It's a new year, and while I look at the cold reality of my post-Christmas bank account I also find myself reflecting on what it is that I do and why I do it.

Yesterday, while I worked (irresponsibly during work hours) on a leather purse I am making just for myself I was reminded how delightful I find crafting. I walked away from my studio with a happy glow that kept going all evening. I took great pleasure in showing the bag to my partner, asking his opinions and working out the final details.

Leather purse, completely hand dyed, tooled and stitched. You can see the fabric I will be lining with peaking out. The dark pink will be more burgundy by the time I am finished.

Leather purse, completely hand dyed, tooled and stitched. You can see the fabric I will be lining with peaking out. The dark pink will be more burgundy by the time I am finished.

Almost no day goes by in which I don't make something. If I am not at my bench making jewelry, I am sewing historical clothes for myself or my clients. I am embroidering something fun and interesting. I am leather-working in one of my two basement studios. In short, I am addicted to crafting. Hopelessly, completely, addicted. If I was not lucky enough to be able to (mostly) support myself crafting, I know I would spend every available moment that I wasn't working, making things.

Crafting is something I never have fight to motivate myself to do. Embroidery soothes, and delights me. Leather-working calms me. Jewelry and sewing challenge me and keep my mind busy. If I begin thinking about a project while I am trying to fall asleep I can keep myself awake for hours going over each detail. What will the materials be? Where will I get them? How will I form the piece? What colours will it be? How will I finish it? The best simile I can think of is one of a complex cake. Each layer and detail must be created in the correct order, in the right time, with the right tools and techniques. Rushing or inattention can be catastrophic. Some errors can be fixed, some can be incorporated into the piece, or if you have the flexibility on the project, you can find a new direction in which to go based on your mistakes. When I can, I love letting a piece grow organically, working each new unexpected detail or error into the piece in such a way that it is almost like the piece is making itself. Not only am I molding the piece to my will, but I'm also allowing it to flow into a final form that has as much to do with the complexity of the materials as it does with me. This was never a popular tactic with my teachers at college, but I learn so much this way, and it's one of my favorite ways to work.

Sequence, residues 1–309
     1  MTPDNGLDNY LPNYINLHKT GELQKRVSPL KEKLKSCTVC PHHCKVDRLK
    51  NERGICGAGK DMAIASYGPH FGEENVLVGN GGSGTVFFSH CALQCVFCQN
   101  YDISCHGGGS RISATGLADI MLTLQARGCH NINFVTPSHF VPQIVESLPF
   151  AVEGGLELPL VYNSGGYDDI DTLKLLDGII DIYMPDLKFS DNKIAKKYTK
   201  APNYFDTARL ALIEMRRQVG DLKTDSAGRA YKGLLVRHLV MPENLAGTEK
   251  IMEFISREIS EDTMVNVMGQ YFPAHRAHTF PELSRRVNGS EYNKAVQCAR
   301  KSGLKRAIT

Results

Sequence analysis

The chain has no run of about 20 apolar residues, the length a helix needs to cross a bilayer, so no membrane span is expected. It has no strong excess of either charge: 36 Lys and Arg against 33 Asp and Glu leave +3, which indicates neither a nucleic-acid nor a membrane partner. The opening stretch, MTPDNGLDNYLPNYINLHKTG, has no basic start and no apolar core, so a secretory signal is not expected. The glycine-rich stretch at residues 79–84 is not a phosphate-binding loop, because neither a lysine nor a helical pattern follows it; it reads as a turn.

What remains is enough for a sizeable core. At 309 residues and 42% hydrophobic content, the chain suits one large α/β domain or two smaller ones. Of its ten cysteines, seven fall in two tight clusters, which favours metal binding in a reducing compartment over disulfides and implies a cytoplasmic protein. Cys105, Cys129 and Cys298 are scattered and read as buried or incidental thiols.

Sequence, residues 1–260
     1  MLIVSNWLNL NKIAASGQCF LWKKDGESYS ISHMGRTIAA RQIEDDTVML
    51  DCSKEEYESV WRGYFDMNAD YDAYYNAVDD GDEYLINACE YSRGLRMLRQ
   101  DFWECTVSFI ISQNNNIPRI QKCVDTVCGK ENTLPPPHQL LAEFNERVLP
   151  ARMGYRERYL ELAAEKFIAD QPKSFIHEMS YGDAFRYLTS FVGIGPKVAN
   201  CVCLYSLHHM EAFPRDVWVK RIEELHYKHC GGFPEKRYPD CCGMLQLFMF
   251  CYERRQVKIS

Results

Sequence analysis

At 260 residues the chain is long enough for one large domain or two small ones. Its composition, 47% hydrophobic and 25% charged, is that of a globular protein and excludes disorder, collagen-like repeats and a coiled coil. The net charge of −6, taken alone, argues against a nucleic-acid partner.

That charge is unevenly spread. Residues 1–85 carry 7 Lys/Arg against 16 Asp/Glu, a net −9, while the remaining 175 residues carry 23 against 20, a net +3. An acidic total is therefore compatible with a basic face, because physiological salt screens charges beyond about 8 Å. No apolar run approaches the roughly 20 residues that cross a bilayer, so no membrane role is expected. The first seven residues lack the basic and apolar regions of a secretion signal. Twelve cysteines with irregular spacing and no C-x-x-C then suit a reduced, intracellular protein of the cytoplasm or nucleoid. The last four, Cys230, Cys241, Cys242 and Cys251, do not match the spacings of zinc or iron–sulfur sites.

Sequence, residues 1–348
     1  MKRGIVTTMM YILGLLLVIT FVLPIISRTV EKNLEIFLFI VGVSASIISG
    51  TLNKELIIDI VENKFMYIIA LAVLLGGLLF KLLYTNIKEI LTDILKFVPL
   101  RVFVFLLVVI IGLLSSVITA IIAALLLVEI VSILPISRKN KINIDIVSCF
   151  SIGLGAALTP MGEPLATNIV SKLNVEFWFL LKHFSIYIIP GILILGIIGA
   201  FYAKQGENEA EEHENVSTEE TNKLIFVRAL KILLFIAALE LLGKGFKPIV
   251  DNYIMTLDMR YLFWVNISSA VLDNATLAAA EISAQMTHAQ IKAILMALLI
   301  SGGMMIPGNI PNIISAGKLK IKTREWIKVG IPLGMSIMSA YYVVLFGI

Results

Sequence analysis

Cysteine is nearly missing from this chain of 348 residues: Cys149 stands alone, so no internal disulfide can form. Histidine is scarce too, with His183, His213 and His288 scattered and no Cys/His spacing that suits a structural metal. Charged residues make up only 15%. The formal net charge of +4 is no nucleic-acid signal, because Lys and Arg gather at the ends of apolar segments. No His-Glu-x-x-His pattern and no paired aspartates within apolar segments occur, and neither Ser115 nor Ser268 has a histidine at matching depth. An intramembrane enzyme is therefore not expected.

A piece of embroidery inspired by a medieval bestiary, linen and crewel wool. 

A piece of embroidery inspired by a medieval bestiary, linen and crewel wool. 

The sketch for the finished embroidery.

The sketch for the finished embroidery.

I want to make things that will last. I want to make things that can be used, and cared for, and repaired and maintained for years. I think one of the reasons I was drawn to jewelry is that it can last indefinitely. A piece could be kept, and handed down through generations. It could develop a narrative, a character, a feeling of love and connection to someone special. A little part of me will get to take a journey though lives in that piece that I made, perhaps to be cherished long after I am dead.

A pair of medieval reproduction buckles which are soon to be plated gold and silver respectively. Brass.

A pair of medieval reproduction buckles which are soon to be plated gold and silver respectively. Brass.

I like to give people things that I think they will love. I have to stop myself sometimes from giving my work away, because if I think something I have made will please someone, that can seem so much more important than money. But I must eat and pay rent so I try to be judicious.

I have a lot to learn about business. I am slowly learning it (usually the hard way) but I know I am improving. I try to be patient with myself when I make mistakes and develop strategies not to make them again. I try to roll with the punches. Some days it's hard, but other days I get to create something wonderful for myself, or someone else, which I know will make them smile for years to come. And on those days, (most days) it all feels incredibly worth while.